Monday, July 3, 2017

Counting Lies

As a follow-up to What's Wrong With Calling Trump a Liar and posts about the problems with fact checking( here and here) , let's review the NYT Graphic in the Opinion category counting Trump's Lies.

What is the purpose exactly of this exercise? Many of us, likely a majority, already believe that Trump lies endless without inhibition. A lie count does not add value in support of that belief based on objective experience. Now, maybe if Trump suddenly stopped lying and started telling the truth all the time. Not sure how that would work at this point because, well, telling the truth would mean he would have to admit to prior lies and, if committed to full disclosure, would need to explain why he lied so much. No, not gonna happen.

Is the lie count intended to sway the Trump faithful? In case they missed it? Really? Of course not. If they did not believe he lies all the time, providing a lie count will not change any minds.

Maybe the "newspaper of record" believes that the lie count is necessary as public record. An objective record would survive as historical artifact of the Liar in Chief. But no. A public record would require an objective count of lies and NYT admits that they consider the lie count to be opinion, not news reporting.

So the intent is not clear.

I put the lie count in the category of fact checking. A tool, but one which does not tackle the core issues.

The lie count is almost a meta-factchecking or a fact checking squared.

Trump is a liar, maybe a pathological liar. Or at least a serial liar. That's a serious charge. Let's fact check that. So fact check each statement he has made since becoming president, whether or not the statement was significant and isolate the untruthful statements, then collect them in one place.
Source: nytco

But context matters too. David Leonhardt, in The Trump Lies Project: Next Steps, asking readers for advice on where to take this project, notes that:

"As for the project’s next stage: Some of the president’s defenders have argued on social media that his penchant for lying is no different than other recent presidents. We are skeptical of that notion, but we’re also open to evidence."

So, despite the overwhelming evidence of the current U.S. president representing an extreme case of behavior that many if not a majority of Americans find dangerous and much of it reprehensible, we should fact check his defenders by making comparisons with other recent presidents - as if the individuals raising that concern are really going to be swayed by the evidence suggested by a lie count.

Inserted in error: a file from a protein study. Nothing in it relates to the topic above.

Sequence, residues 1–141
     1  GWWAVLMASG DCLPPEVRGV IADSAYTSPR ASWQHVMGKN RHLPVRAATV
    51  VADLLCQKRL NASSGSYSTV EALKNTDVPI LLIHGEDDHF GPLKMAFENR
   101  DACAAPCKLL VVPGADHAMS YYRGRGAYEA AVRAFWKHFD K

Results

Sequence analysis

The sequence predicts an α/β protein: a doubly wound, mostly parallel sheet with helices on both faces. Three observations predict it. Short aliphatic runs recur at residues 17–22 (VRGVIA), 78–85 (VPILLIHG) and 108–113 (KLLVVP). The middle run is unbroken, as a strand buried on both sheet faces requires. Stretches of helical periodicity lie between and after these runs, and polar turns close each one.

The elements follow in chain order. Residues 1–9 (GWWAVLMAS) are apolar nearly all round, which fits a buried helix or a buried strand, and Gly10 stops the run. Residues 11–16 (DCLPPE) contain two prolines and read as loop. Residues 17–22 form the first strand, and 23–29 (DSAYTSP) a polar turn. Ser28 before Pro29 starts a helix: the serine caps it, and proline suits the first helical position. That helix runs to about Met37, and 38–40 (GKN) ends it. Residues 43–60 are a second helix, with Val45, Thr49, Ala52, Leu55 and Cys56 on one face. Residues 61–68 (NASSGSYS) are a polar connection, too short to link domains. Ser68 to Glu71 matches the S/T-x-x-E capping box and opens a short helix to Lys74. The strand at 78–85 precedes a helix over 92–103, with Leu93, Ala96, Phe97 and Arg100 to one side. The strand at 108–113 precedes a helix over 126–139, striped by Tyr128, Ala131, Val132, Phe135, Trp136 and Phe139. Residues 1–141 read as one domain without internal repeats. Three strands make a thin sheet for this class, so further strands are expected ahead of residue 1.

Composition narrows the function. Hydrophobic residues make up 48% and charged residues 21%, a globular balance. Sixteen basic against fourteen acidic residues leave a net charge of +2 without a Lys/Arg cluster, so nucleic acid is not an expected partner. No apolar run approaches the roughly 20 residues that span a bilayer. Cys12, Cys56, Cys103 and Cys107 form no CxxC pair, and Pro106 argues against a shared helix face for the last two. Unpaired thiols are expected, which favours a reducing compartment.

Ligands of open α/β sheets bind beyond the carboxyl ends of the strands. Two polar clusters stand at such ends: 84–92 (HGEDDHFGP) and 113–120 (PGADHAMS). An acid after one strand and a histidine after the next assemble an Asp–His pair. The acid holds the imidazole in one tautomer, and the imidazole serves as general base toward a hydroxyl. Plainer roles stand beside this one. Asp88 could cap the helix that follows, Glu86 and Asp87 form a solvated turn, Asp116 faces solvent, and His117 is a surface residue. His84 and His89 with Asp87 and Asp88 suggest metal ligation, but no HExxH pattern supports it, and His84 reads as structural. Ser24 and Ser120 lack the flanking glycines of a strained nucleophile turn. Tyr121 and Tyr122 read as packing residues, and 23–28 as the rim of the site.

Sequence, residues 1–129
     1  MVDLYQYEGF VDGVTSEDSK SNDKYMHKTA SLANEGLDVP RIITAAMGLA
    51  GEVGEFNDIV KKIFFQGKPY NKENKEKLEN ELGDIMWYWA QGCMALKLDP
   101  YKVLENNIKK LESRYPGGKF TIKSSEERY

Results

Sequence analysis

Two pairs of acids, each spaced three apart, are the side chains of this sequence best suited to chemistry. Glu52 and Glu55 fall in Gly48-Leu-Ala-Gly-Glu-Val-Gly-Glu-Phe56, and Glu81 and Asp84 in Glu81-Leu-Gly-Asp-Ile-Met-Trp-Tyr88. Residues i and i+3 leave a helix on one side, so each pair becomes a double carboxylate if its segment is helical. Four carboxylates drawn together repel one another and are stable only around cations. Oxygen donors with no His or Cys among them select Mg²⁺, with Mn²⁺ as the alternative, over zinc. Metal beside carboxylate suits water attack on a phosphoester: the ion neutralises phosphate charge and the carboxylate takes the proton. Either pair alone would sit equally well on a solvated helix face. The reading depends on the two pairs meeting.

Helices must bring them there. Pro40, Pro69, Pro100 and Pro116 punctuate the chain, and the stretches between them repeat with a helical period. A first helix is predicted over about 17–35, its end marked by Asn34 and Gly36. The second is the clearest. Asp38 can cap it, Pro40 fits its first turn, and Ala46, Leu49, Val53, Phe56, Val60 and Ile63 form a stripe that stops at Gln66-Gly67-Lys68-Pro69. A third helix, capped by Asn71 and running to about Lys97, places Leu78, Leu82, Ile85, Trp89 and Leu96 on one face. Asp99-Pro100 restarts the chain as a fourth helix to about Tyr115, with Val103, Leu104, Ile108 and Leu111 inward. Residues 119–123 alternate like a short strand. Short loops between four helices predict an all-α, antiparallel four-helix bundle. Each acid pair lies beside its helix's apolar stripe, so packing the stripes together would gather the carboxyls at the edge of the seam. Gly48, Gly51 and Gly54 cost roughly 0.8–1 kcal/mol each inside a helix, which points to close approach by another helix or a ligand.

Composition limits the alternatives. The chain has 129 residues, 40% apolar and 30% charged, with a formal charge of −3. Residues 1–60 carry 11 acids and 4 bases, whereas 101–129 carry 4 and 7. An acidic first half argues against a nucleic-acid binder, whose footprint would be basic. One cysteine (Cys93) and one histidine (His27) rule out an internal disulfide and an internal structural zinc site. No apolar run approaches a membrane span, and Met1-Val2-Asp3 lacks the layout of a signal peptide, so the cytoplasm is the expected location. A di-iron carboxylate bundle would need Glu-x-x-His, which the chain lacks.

Leonhardt's next reaction illustrates the problem:

"So if you can recall falsehoods that Presidents Barack Obama or George W. Bush told, send us an email with them. Documentation is ideal, but not necessary. (No need to email us about Obama telling people they could keep their health insurance or Bush claiming that Iraq had weapons of mass destruction; we’re aware of those claims.)"

The idea is that we need to go back in time according to this way of looking at the world. Yes, this is the fair and balanced approach. He said/she said journalism at the extreme. Pretend you have no prior knowledge or understanding. The only way to understand Trump is to look at him in the context of George Bush and Barack Obama, compile a list of lies without context. Are we supposed to count up the lies and compare totals?

If we need to relitigate the Bush and Obama administrations to start understanding Trump we are in big trouble.

Actually, when it comes to the Trump Lie Count, I would say it makes sense to leave it in the Opinion section where it resides and for those who disagree or want to count up what they claim are Obama lies (not expecting these folks to count up Bush lies) and leave it at that.

For the Trump lies, a better next step would be to put these in context - categorize the lies, don't count them. And, instead of checking all his public statements, focus on those that help tell an accurate story - what is he up to? Is he out of his mind? Suppose he is demented. Does counting statements by Obama or Bush that fall short on truthfulness help us decide if Trump is demented? Would it prove he is not in the pocket of Russia? Or that he is? No, of course not. Many of the Trump statements fall into the category of narcissistic personality disorder. Some of those statements are outright lies, but many might be rejected by Leonhardt's lie-counting machine. Let's check that.

Or let's go back to Trump's great defender, Vice President Pence, who spent the better part of last year's VP debate claiming that none of Trump's statements were lies. Maybe he can explain what he meant by that, because he did not adequately explain his reasoning in that debate.

Facts without context are not useful. Counting lies misses the point. And, not to belabor this point too much, but to take it from another angle, some of Trump's statements during the campaign that were called out by mainstream media as lies were not necessarily, in my opinion, definitive lies.

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